It’s a Kiwi German American Christmas

This year the Enlightened Housewife is confronted by a unique challenge. How to cater for the traditions encompassed (that’s wordy) by three cultures. (“Encompassed”. ¬†Sounds like the state of my wallet before I started Christmas shopping this year. As in. My wallet encompassed a lot of money before I was exposed to the terribly effective marketing processes by the major American Merchants.
To wit, Macy’s flyers came through the mailbox almost daily. In the last two weeks we had a Last Minute Sale. Then a final sale. Then a Last Second Sale!!

Nuts!

So Philip our German Au Pair and I were talking about the different ways of celebrating Christmas around the world. Philip is used to celebrating Christmas Eve. In and aound his village,big hot dinner is Raclette which his family comes together to celebrate.

“The word “raclette” comes from the French word “to scrape.” Raclette makes up a simple meal that was enjoyed by shepherds in the fields. They would boil up some potatoes, and heat a stone and melt a bit of the raclette cheese on the hot stone. Once melted, the cheese was scraped off and served on top of the potatoes. Raclette has a long history and has been mentioned in medieval writings.”
The German tradition is to have the heated grill in the middle of the dining table and everyone takes their own plate or pan to cook a selection of meats, veges and cheese! Yum! The gift giving is on Christmas Eve. And get this folks! Santa visits the young children in person! Knocks on the door Christmas Eve and hands out gifts to all the young children. I look at him amazed! “How the fuck does Santa take time out of his busy schedule to personally visit the children in your village?” And the Villages around, he says,” like it’s the most normal thing in the world.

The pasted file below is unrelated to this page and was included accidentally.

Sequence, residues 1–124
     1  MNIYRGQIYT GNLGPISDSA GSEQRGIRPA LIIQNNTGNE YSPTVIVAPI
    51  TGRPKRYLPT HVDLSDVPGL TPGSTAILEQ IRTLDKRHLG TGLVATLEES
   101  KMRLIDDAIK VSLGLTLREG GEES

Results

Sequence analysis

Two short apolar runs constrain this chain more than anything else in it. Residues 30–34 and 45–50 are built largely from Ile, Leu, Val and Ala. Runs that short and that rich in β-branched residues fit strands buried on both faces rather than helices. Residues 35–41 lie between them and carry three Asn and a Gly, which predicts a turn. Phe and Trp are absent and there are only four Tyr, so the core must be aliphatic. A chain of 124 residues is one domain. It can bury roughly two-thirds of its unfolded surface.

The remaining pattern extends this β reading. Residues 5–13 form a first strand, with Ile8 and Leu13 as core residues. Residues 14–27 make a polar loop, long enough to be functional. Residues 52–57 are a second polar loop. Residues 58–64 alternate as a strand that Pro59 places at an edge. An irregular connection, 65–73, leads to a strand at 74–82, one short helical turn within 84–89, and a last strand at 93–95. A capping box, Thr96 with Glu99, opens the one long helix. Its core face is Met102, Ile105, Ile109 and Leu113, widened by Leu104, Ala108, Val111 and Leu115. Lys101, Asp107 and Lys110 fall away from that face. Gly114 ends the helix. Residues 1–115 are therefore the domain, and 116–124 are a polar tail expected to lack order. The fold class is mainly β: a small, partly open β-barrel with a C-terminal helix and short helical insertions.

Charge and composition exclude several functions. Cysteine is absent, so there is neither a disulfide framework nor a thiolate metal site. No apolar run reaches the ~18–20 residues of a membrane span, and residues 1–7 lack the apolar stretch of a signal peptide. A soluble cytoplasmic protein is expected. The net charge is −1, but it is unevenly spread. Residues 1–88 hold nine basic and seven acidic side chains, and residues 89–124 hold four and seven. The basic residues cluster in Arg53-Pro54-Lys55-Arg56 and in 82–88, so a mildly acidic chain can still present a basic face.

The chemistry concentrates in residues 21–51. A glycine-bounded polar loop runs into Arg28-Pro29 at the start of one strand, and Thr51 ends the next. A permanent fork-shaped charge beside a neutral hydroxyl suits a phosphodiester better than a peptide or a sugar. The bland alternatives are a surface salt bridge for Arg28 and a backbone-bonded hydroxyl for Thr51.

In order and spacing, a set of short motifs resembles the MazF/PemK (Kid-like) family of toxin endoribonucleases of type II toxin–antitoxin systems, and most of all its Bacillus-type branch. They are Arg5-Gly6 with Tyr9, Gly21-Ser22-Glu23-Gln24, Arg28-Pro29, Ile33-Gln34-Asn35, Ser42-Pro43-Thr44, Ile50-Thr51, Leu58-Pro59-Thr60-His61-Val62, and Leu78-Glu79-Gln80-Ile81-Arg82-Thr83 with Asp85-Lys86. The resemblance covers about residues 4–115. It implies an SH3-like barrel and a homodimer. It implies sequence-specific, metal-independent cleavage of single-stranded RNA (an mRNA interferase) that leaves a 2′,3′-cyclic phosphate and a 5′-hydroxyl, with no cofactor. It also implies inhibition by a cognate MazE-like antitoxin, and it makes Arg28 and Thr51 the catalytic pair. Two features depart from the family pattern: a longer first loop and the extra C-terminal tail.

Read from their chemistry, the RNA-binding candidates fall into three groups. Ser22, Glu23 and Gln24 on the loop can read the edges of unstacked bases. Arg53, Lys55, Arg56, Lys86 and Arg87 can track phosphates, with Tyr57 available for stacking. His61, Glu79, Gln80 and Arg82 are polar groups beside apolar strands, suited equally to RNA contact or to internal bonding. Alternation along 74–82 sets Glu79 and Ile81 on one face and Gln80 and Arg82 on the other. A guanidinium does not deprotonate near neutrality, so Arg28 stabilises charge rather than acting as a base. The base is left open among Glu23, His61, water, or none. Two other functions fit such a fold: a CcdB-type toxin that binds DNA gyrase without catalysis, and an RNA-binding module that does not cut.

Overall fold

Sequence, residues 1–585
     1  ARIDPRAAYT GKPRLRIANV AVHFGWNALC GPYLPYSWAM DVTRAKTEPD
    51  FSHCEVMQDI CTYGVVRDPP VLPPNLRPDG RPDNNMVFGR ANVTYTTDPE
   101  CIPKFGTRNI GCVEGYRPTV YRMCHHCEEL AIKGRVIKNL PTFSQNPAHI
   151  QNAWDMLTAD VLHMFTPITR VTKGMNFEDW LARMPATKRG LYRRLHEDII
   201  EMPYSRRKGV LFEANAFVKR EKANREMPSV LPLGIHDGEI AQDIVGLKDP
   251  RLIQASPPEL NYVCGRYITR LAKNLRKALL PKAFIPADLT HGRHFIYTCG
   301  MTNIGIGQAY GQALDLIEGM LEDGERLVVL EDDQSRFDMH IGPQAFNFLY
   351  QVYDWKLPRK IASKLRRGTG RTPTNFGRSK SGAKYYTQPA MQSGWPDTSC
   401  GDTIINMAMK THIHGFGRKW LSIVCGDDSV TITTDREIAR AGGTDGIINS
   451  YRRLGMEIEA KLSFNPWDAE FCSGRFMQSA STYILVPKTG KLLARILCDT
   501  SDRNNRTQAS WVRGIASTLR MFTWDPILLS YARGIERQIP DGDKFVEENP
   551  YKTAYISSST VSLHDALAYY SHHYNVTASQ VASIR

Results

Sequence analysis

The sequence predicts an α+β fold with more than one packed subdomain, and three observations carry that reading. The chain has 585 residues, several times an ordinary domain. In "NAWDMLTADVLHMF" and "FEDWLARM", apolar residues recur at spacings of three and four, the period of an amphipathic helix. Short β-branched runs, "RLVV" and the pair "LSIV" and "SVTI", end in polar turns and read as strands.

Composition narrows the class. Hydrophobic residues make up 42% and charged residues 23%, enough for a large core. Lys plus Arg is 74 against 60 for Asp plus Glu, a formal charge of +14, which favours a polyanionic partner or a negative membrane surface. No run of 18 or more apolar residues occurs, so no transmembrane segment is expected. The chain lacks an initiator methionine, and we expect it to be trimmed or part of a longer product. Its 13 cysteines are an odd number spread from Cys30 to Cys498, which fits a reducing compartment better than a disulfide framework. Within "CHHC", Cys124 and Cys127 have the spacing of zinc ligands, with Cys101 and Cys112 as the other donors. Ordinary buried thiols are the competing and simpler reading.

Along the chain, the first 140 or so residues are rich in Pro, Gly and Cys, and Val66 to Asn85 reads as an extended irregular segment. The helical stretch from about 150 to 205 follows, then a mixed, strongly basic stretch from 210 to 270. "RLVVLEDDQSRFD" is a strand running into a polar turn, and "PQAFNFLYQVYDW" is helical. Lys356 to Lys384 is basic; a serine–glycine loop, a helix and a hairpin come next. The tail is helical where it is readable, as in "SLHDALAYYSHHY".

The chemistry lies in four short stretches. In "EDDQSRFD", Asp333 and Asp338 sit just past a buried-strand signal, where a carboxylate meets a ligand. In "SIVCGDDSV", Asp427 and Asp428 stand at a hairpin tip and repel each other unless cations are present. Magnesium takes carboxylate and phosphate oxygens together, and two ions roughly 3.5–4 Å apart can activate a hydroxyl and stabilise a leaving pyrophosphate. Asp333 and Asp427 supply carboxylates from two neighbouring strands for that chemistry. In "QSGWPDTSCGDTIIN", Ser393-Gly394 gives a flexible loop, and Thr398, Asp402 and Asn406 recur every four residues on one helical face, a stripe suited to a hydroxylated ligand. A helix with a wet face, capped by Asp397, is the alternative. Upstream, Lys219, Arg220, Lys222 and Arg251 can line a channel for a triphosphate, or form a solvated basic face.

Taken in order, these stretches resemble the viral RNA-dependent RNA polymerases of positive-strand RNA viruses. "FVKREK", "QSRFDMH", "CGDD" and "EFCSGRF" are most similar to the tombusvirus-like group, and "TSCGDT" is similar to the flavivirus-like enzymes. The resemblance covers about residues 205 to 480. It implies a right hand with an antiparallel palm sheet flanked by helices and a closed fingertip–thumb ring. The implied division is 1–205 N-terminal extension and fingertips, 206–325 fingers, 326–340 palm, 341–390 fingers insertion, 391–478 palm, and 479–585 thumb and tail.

So far,So Great. Germany celebrates on Christmas Eve and we have a young gentleman from Germany, his first Christmas away from home and now I’m¬†eager to make sure there’s not too much of a disconnect to knock him into homesickness. “We’ll have our hot dinner Christmas Eve to celebrate for Philip I tell the Master of the Domain. Hubby. He looks resigned. “That just means we’ll have all the cooking and preparation for big meals two days in a row”, he says. “I know right!” I bounce.

The Kiwi tradition for a meal is a combo of a hot meal, seafood and grilling (barbecuing) And anything in between. Cooked and devoured with plates on knees or dressed up sitting around a dining table. Which makes Absolutely No Sense given New Zealand celebrates Christmas in Summer. But dress up we must given our Commonwealth ties:

https://en.wikipedia.org/wiki/Monarchy_of_New_Zealand

So. We subsequent to much forelock tugging, we plan our hot meal for Christmas Eve:

Menu

Roast Pork with Sage and Fennel

Roast Chicken with Tarragon Mustard and Chive Butter Glaze.

Veges:

Squash Casserole. (This is a testimony to the American element of our Christmas. (Squash, Shopping and Starbucks)

Scalloped Potatoes.

Roast Fennel Bulb and Red Onion

Steamed Fresh Vegetables.

Other Sides

Italian Seasoned Stuffing.

Recipes¬†and photos to follow. I will say the roast meat was amazing. I’d cooked roast lamb three nights ahead and left the fat and juices in the pan. When it came to cook the pork I fired up the oven to temp (415′ for 25 minutes then back down to 350′ for three hours. I threw the pork in on the dirty pan. The pork was flavored with a cumin/black pepper rub and sprinkled with Mustard seed and Coriander seed.
The chicken went in 1 hour and fifty minutes out. A mustard chive and tarragon mix to baste while cooking. The fat from the lamb cooked the pork to a state of tenderness and with a flavorsome crust that you can’t get with a pan scrubbed clean.

Only one more day until the next shopping day:

Best Ever Sale ft Macy's

Best Ever Sale ft Macy’s

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